By Sally Barnes
One man’s personal story this week about trying to get medical help and the subsequent outpouring of similar “horror stories” from the public speak volumes about the desperate state of our health care system and the urgent need for reform before more people suffer and die.
The time is long past when we can kid ourselves that we have the best “free” health care system in the world or blame the pandemic and believe the problem is temporary with solutions just waiting in the wings.
Wake up, folks. We owe it to ourselves and others to demand that our governments show the courage and implement and finance the changes that are needed. Courage because that’s what is needed to take on the many special interest groups whose turf wars or political philosophies stand in the way of change.
Money now going to yet another study or commission must be directed to solutions that work.
Immigration and regulatory policies must be changed to unlock the skills and training needed to end the critical shortage of health care workers.
I am no expert on health care but I do know that this is a problem that has been allowed to fester for a long time and the breaking point is now in the rearview mirror—not on the horizon.
At a time of bed shortages in our hospitals, 6,000 beds are occupied by people who could be discharged if there were nursing homes available. With an aging population, how was this situation allowed to develop?
Hardly a day goes by without hearing how a friend or relative needs medical care and the best they can hope for is maybe a phone call from a family doctor—if they’re lucky to have one. Many communities and millions of Canadians don’t.
Where waiting rooms used to be filled with patients and several doctors staffed family practices, they are almost empty and so are the doctor’s parking spaces.
The lights are on but nobody’s home!
Where have all the doctors gone? Vacations? Early retirement? Too many working too few hours? Simply missing in action because of stress and fatigue?
The doctor shortage is especially obvious among family practitioners, who are the gatekeepers of the system. Need a new prescription or a repeat on an existing one? You’ll need a doctor and chances are good he/she requires an office visit or at least a phone call and that could take days or even weeks. Thankfully, many pharmacists are pitching in to help but they’re frustrated and overworked, too.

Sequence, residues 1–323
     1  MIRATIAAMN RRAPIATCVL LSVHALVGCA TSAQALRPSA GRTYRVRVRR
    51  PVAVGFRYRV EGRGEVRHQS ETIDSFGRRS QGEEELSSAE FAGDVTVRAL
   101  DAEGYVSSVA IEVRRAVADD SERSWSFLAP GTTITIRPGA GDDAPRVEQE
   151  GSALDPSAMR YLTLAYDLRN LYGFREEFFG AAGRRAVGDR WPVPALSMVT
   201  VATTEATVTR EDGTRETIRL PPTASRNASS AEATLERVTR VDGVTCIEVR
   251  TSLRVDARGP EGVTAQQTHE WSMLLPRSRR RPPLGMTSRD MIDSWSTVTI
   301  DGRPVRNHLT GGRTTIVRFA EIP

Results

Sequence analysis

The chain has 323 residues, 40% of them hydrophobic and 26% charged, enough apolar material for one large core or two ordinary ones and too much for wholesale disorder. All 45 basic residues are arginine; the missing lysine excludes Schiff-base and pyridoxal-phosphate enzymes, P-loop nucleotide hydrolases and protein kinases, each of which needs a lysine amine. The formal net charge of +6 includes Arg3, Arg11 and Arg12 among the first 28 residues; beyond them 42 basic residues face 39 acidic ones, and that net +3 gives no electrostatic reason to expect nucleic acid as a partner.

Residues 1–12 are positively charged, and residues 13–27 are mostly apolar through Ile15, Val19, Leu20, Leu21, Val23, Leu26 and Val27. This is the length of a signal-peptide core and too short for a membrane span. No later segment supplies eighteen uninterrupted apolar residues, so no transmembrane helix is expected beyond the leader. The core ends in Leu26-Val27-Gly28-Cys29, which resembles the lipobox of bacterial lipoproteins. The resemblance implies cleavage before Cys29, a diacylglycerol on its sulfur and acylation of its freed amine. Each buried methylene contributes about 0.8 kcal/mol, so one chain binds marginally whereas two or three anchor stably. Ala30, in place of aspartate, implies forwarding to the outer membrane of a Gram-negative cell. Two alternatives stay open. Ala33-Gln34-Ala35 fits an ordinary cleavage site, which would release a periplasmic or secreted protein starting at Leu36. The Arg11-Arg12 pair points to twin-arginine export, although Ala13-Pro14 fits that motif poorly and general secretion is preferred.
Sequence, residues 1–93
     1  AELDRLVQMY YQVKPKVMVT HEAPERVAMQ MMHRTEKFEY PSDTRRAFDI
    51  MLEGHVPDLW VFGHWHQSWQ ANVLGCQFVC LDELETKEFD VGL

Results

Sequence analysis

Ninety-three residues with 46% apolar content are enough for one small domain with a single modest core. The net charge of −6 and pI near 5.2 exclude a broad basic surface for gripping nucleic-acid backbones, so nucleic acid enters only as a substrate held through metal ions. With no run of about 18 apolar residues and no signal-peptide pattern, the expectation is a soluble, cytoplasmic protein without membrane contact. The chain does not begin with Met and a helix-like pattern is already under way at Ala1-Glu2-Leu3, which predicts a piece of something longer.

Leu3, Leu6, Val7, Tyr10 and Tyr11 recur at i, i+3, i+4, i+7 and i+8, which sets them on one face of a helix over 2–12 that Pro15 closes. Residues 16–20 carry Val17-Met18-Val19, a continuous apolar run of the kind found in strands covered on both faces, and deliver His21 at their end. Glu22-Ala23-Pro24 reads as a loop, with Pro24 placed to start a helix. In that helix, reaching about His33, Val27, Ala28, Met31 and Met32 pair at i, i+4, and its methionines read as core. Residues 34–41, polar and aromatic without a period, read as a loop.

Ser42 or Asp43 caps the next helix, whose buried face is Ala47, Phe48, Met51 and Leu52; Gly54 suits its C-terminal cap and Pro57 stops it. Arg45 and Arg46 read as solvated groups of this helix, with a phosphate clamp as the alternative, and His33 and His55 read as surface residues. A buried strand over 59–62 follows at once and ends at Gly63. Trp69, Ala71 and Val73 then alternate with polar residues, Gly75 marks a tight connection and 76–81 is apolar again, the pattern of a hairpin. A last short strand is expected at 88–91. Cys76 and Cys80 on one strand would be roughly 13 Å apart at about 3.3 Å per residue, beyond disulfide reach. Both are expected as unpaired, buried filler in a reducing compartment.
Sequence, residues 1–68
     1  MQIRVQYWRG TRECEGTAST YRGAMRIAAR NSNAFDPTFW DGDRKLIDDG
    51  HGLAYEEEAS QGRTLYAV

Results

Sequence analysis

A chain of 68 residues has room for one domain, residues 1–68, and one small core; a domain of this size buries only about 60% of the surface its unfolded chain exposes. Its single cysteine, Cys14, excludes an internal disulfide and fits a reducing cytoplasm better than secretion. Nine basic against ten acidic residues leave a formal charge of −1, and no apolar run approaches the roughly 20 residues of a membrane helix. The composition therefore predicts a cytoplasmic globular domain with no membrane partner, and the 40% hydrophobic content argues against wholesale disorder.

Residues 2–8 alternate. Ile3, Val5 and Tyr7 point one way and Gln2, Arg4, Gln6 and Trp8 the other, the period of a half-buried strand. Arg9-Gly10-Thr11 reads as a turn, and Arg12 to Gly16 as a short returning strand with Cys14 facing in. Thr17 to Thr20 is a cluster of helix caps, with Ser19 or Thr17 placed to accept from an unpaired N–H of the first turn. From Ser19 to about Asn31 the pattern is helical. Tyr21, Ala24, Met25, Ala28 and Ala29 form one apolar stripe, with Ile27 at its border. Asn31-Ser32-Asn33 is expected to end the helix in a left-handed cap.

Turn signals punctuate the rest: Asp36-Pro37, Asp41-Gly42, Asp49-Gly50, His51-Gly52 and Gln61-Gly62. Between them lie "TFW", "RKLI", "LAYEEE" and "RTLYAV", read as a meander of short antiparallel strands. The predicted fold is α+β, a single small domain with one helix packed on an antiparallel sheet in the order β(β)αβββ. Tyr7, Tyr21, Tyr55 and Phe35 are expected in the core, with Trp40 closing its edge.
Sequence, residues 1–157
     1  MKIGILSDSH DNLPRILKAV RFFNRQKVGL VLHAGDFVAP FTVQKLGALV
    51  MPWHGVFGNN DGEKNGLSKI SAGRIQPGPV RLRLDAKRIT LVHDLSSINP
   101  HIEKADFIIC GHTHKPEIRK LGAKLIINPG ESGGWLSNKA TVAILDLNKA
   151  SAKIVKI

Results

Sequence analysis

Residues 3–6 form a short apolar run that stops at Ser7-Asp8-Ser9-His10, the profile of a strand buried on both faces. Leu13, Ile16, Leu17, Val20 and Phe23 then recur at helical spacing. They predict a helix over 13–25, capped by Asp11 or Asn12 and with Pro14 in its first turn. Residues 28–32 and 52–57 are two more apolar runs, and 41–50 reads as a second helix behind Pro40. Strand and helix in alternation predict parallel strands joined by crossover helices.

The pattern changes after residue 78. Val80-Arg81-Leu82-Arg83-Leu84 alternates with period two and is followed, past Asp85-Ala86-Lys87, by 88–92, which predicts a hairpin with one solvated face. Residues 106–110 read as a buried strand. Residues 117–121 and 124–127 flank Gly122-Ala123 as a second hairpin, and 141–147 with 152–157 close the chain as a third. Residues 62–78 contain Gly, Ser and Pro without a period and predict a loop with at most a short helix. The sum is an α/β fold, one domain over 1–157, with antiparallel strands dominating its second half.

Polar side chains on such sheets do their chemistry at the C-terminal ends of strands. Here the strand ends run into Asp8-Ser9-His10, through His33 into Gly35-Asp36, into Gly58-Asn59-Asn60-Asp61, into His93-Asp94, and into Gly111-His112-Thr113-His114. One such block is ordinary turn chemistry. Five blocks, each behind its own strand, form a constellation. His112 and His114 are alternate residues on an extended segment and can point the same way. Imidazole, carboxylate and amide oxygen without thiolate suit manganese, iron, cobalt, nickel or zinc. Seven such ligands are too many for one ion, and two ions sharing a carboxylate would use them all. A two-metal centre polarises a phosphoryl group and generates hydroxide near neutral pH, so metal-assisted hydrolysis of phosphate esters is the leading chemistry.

Mammograms and other screening that used to be routine in the prevention of cancer and other diseases? Postponed or cancelled! Time lost means more suffering, higher costs, and lives lost.
Referral to a specialist? Same routine. Currently, I have friends with suspected symptoms of cancer and all are depending on their family doctor for an appointment that will hopefully lead to tests and referrals to specialists if needed.
No regular access to a primary care provider? Too bad. You are one of about 5 million Canadians in this dangerous boat—more than a million of them here in Ontario.
The City of Kingston has recruited six new doctors but we apparently lost seven to retirement since the pandemic began. Surely, it should not be up to revenue-poor municipalities to compete with each other for health care workers. Isn’t this the job of our provincial and federal governments with greater access to tax revenues and the power to set policies?
Queen’s Medical School has added 20 seats to its 2023 enrolment for students to become family doctors. This is considered “an ambitious timeline” but is a drop in a very big and leaking bucket.
Meanwhile, the provinces demand more health care money from the federal government and Ottawa demands a say in how that money is spent. Our leaders are bickering while health care continues to burn.
Solutions won’t come cheap—or painlessly. Ontario alone is spending $ 75 billion on health care this year and hospitals are crying poor and restricting and closing emergency departments for lack of staff.
But back to the man who this week shone a heck of a big, much-needed spotlight on the situation out there.
Steve Paikin, a highly regarded journalist, author, and broadcaster who is best known for his many years of work with TVOntario, composed a blog about one man’s quest to get a doctor to advise him about a painful knee. The man, it turns out, is Paikin himself.